Debate team wins championship, earns ‘New Program of the Year’ award


In its initial year as a revitalized program, The Policy Debate Coalition at the University of Washington won the Western Novice Championship at CSU-Sacramento this spring, and also won second place in the Western Junior Varsity Championship.

The team additionally completed 10 days of competition in the National Junior Division Debate Tournament (NJDDT) and the Cross-Examination Debate Association (CEDA) National Championships, where they were named the Brady Lee Garrison New Program of the Year by CEDA.

“This is our very first year of competition and most of our competitors had little or no experience coming into the season,” said Dr. Michael Souders, director of the program. “What they’ve achieved is phenomenal. The fact that our program was awarded the Brady Lee Garrison New Program of the Year award by CEDA is a testament to how far our program has come in a very short time.”

In addition to winning the new program award, several members of the team won individual honors, including Zachary Reshovsky (Senior, International Studies), who was named a National Debate Scholar with Summa Cum Laude status. Senior Tim Pollard LA debate tournament(Electrical Engineering) was also named a National Debate Scholar, with Cum Laude status.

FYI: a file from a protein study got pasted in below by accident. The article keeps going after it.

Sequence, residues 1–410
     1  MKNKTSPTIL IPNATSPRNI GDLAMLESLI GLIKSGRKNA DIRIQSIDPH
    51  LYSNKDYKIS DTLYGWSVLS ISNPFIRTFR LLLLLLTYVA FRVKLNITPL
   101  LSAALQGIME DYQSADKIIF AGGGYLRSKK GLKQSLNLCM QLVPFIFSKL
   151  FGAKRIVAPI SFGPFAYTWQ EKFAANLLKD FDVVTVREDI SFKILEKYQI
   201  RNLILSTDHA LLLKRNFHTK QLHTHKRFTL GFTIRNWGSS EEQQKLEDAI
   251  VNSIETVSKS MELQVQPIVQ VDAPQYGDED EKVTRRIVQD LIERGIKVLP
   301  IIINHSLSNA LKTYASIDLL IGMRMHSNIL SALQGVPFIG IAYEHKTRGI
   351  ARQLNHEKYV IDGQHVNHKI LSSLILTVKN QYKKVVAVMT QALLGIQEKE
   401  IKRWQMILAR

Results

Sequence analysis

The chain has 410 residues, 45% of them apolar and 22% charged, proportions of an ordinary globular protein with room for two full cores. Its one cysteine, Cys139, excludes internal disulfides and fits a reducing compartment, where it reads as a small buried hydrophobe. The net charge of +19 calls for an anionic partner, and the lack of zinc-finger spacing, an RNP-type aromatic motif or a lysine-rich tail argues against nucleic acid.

McKenna Mains (Sophomore, Political Science) and Rebecca Petrone (Freshman, undeclared) finished third in the country in novice debate at the CEDA national championships. The duo won the Western Novice Championship at CSU-Sacramento, undefeated and winning nine consecutive debates.

Daria Micovic (Sophomore, undeclared) and Michael Elizondo (Sophomore, undeclared) received third place in the novice division at the CSU-Sacramento tournament, winning seven debates in a row before falling in the semifinals on a split 2-1 decision.

Zachary Maghirang (Sophomore, communication) and Reshovsky placed ninth in the NJDDT, which featured the best freshman/sophomore teams in the nation.

The team also ranked third in the Western region in the yearlong points race, and was the only team in the Pacific Northwest Region to field a novice team.

“We’re the only team in our region that actively trains and promotes competitors with no prior policy debate experience…I think that fact reflects well on our department’s commitment to being accessible and that takes public debate as a philosophy,” Souders said. “It also speaks to the essential role we are playing in debate in our region.”

Souders said his goal from the beginning has been to build a program that is worthy of a world-class public university like the UW.

“I think that means building a dynamic team that is open to beginners and recruits talented competitors from across the state and region,” he said. “It also means making sure our program keeps its commitment to bring debate to the campus and putting on great events like the Philipsen Forum public debate event we hold each fall.”

Professor and Chair David Domke has declared his commitment to sustaining the debate program, stating that it has been a highlight of his time as chair.

“Michael Souders is doing a fantastic job,” he said. “We’re bringing many students together to practice and engage in and learn from debates, and he’s guiding students to successes in competitions. We want to do both the former and the latter. Michael has been a great choice to lead this work. The practice of debate is one of the single best ways for students to learn how to think and to organize their ideas. Over the years I heard from a number of alums about the impact of debate on them as undergrads.”